With six children schooling at home, it never fails that I have some “issue” each week that I am researching out. I have spent over 10 years in college and still at times don’t have a single answer. Currently, I am trying to understand why children struggle with math even though they have a good foundation and seemingly fine mental acuity? What is the mystery here?

Well, I didn’t uncover any astounding new revelation, but did realize some important truths. There are so many areas that a child could find pitfalls… for math itself covers so much territory. However, most often when a child has a math struggle, it is not a struggle with everything that has to do with math, but a particular area within the subject of math. Math is also very interconnected with other subjects such as language arts – making for other possibilities for struggle. I have summarized a few of the most basic and common concerns that seem to plague the math sufferer. I have listed some of these below, but please understand that this is in no wise a complete nor comprehensive list. I am just trying to pass on a bit of what I learned this week!

The first thing that I did in my search was to ask myself some questions about my little learner. The following is based on that format and a few webites ( here’s another) that were a valuable help. Does your child fall into any of these categories?

- If your child struggles with:

- recalling basic math facts
- being slow in their recall of math facts
- difficulty remembering previous math experiences
- forgetfulness in the middle of a math problem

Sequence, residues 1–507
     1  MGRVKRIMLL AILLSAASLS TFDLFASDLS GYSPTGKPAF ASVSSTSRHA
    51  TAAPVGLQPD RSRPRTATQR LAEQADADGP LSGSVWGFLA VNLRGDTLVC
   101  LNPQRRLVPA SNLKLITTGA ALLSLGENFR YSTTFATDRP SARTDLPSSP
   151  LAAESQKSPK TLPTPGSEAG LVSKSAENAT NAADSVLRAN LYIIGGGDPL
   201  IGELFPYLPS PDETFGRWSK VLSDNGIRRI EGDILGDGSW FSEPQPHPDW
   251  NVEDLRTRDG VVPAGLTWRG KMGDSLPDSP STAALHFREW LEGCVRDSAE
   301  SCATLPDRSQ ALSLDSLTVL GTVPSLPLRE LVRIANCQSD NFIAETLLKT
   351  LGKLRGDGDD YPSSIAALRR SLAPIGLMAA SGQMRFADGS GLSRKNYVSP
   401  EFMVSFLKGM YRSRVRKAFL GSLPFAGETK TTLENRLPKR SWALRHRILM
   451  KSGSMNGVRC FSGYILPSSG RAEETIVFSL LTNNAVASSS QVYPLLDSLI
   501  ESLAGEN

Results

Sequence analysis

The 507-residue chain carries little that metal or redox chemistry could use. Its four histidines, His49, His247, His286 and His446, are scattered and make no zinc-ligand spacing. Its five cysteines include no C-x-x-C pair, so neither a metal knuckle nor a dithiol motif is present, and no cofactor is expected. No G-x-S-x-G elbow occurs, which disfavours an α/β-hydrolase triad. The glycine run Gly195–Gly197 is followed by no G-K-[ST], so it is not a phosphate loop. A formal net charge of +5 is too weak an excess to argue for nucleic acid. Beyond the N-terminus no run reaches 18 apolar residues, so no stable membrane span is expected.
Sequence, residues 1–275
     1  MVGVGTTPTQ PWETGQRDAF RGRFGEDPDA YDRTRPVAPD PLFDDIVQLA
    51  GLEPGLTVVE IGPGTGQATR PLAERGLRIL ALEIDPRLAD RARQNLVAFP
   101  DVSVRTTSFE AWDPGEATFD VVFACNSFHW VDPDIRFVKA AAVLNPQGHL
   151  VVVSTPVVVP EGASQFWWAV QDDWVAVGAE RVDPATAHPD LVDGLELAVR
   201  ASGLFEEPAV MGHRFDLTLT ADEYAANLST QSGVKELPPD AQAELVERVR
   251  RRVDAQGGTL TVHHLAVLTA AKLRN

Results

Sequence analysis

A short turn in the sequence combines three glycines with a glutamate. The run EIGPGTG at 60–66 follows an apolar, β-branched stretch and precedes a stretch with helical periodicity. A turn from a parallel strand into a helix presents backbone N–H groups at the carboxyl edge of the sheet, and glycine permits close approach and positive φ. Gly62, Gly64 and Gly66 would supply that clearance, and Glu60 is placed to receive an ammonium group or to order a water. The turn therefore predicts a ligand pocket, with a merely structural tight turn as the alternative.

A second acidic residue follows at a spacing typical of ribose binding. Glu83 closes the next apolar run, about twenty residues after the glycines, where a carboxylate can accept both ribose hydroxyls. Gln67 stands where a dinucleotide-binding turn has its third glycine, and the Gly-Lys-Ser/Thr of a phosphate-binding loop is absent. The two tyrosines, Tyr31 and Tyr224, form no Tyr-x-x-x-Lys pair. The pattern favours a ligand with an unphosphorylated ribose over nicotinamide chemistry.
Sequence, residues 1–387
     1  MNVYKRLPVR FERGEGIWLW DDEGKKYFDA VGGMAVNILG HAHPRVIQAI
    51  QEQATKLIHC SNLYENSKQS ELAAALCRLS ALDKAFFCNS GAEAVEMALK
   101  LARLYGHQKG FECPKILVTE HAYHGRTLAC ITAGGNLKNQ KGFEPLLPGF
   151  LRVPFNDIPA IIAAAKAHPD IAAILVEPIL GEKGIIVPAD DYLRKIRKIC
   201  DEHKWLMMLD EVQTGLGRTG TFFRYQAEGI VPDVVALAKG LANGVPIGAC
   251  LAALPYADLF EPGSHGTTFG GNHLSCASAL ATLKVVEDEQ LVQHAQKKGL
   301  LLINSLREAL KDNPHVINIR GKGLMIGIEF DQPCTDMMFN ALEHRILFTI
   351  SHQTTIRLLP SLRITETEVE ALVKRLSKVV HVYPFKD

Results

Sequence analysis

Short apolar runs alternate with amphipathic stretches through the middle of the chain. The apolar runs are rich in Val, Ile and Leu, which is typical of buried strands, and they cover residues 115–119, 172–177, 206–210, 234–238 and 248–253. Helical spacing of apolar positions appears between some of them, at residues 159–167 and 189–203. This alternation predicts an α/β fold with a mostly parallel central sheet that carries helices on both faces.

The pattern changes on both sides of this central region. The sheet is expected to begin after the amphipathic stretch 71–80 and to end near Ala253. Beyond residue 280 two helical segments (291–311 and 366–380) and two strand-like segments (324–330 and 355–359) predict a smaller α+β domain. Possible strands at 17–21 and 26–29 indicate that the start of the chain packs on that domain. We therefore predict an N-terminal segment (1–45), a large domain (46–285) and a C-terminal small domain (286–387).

Then they may have a deficiency in fundamental concepts such as their addition, subtraction, multiplication, or division family facts. Each of these facts are foundation stones to build the rest of their math experiences on.

2. If your child is:

- easily distracted or unfocused while doing schoolwork
- easily tired during math work

They may have a genuine attention problem.

3. If your child has difficulty:

- grasping abstract concepts
- making connections between related math concepts

They may have a foundational math difficiency. Math skills need to be learned based on concrete (or real life – touch, taste, feel) examples. Children who have difficulties in these areas are often missing this concrete foundation.

4. If your child has trouble understanding math language or math vocabulary then thay may have an underlying language arts need. If a child has difficulty with lanuage arts (reading, comprehension, writing, spelling, etc.), it will be much more difficult for them to understand the rarely used math terms.

5. If your child has trouble with:

- recopying problems correctly
- reading the “hands” on a clock
- ordering the steps on a multiple task problem
- geometric shapes and translations
- anxiety when given a large paper pencil assignment

They may have an underlying spatial difficulty. This will affect how they are able to order steps, and understand objects in space and depth.

Though I haven’t completely formulated my “plan of attack” on this week’s issue, these questions really helped me to see some areas that we do have weaknesses in. I plan on sitting down and making a ordered plan on how we will address and hopefully improve our math skills deficiencies. Don’t despair – though you may have found yourself or your child in some of the descriptions above, you can work through it. Once you pinpoint the area – and know what the underlying problem is – work on that problem. I hope that this may give some of you much needed hope that most math difficulties are able to be overcome!